Let's say that I want to calculate the probability of achieving more than 8 heads in 10 coin tosses. The easiest and most accurate way will be to simply use the binomial distribution and sum the probability of getting 9 an 10 heads.

However, it is also possible to simulate numerous coin tosses and then see which proportion of those answers our question. In which general scenario (doesn't have to be restricted to coin tosses) would this method of simulation be better than using the binomial and why?


2 Answers 2


Some advantages of simulation:

  • you can use it when you don't know how to do the exact calculation

  • you can use it to check you got the exact calculation correct

  • you can generalize the situation and examine sensitivity of the exact solution to changes in the circumstances (what if there's heterogeneity or dependence, for example?); often the simple situation can be done exactly but the more general cases may be somewhat trickier.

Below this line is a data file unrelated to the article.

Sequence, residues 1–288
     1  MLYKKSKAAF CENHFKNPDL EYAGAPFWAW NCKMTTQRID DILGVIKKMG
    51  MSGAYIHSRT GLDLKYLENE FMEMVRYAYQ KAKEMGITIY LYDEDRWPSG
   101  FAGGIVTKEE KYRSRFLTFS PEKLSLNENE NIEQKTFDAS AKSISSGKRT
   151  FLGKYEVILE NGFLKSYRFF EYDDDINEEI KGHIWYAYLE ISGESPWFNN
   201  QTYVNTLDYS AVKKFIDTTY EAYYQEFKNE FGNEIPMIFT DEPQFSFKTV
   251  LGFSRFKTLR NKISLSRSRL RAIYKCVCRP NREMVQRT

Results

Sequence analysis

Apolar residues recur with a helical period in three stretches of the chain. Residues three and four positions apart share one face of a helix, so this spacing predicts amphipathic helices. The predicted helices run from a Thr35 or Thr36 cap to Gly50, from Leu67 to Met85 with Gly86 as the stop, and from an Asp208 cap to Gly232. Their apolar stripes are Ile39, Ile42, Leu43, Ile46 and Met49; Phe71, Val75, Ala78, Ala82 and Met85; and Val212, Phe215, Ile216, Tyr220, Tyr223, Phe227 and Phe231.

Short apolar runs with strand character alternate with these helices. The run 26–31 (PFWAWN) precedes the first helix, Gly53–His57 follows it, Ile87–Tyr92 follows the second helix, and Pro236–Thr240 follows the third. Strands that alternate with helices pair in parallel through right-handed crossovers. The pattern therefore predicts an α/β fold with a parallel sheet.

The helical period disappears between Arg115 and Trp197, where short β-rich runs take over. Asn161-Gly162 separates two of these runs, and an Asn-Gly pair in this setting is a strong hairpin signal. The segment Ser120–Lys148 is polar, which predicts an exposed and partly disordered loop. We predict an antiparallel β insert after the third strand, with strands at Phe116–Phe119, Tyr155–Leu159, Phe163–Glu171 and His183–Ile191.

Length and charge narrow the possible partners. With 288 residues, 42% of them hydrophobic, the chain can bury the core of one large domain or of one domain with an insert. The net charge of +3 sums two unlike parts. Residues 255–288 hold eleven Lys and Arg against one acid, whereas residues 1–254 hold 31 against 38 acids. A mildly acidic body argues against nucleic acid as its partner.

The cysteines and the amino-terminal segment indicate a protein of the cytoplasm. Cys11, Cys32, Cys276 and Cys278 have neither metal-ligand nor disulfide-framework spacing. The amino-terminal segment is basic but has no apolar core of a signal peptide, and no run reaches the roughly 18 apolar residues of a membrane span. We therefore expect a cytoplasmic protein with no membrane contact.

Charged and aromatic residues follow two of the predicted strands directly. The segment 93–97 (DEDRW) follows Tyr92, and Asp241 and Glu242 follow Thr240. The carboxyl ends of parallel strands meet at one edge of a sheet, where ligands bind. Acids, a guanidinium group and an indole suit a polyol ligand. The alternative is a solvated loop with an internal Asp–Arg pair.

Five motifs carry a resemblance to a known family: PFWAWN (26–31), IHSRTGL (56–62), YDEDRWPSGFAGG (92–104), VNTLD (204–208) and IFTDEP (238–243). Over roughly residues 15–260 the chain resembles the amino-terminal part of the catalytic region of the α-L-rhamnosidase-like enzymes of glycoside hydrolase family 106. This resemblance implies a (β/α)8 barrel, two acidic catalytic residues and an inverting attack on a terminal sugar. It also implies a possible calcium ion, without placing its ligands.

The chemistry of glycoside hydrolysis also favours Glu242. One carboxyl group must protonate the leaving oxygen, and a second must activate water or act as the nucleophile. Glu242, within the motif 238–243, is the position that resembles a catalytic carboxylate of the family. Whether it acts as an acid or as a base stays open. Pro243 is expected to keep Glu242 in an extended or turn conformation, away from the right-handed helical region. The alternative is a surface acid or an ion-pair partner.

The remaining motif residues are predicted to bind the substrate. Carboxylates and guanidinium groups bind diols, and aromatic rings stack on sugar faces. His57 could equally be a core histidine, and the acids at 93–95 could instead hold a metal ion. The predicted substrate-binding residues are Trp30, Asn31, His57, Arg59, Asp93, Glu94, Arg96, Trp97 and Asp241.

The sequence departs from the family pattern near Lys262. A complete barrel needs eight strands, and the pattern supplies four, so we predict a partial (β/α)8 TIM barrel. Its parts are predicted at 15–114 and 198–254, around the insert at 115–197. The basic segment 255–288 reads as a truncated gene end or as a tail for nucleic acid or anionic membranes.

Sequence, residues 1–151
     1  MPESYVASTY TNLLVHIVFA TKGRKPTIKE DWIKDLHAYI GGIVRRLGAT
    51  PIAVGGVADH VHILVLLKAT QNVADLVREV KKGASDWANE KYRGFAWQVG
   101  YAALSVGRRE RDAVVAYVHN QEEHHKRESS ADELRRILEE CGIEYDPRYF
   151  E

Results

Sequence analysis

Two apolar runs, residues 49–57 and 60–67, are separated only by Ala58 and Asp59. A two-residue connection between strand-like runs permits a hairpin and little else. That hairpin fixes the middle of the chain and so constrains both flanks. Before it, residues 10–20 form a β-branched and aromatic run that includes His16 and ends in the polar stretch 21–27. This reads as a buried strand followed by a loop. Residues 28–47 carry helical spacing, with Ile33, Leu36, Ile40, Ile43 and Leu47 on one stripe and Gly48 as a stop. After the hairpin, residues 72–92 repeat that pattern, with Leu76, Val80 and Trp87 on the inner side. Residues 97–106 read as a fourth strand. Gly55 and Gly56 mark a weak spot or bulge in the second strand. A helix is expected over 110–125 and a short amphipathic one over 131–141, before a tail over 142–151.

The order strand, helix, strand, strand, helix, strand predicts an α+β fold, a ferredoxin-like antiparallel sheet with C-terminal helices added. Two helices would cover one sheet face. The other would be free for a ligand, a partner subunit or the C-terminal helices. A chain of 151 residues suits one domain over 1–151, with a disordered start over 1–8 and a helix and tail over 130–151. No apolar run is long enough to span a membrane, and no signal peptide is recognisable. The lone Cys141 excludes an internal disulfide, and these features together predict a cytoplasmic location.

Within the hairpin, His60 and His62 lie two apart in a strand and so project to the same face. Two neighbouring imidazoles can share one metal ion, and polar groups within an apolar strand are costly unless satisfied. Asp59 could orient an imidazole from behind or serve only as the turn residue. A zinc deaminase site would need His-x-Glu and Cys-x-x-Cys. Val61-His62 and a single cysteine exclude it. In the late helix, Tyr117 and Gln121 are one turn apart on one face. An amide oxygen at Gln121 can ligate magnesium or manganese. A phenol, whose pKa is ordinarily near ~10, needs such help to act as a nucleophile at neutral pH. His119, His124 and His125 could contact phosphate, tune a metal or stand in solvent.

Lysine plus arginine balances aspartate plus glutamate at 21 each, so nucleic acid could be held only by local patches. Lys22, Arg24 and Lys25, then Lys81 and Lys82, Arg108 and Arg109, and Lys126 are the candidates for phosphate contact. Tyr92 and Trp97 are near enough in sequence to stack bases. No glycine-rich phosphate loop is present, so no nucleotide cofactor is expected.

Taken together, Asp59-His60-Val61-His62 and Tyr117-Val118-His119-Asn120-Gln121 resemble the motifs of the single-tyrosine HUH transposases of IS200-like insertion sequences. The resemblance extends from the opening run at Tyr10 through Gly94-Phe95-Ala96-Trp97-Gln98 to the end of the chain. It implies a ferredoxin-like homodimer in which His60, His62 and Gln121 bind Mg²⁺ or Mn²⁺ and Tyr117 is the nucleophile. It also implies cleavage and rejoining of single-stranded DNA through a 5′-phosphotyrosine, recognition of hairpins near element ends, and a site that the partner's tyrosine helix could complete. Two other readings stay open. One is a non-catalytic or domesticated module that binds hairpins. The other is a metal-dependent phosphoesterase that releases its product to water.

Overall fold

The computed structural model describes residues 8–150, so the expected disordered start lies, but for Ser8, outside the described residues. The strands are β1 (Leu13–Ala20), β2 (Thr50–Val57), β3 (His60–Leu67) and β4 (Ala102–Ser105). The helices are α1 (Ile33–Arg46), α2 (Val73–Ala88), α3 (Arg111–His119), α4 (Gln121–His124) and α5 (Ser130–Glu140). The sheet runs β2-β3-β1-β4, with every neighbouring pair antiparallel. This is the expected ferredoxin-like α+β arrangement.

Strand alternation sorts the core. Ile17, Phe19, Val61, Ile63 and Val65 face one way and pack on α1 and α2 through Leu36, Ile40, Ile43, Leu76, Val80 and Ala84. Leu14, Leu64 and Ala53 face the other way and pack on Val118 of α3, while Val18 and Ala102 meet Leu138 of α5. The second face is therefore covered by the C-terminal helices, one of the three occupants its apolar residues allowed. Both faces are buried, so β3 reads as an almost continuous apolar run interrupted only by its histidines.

If you know how to calculate what you want to know, by some known formula or otherwise, there can be no advantage to simulation, except from learning effect, and sometimes, as a check on the theoretical calculation. The real advantage of simulation is that it can be used when you do not know how to solve theoretically, and even in some cases, even if you know, simulation could be faster.

Another advantage is that it is easier to vary the assumptions, to check on sensitivity of the conclusions to the underlying assumptions.


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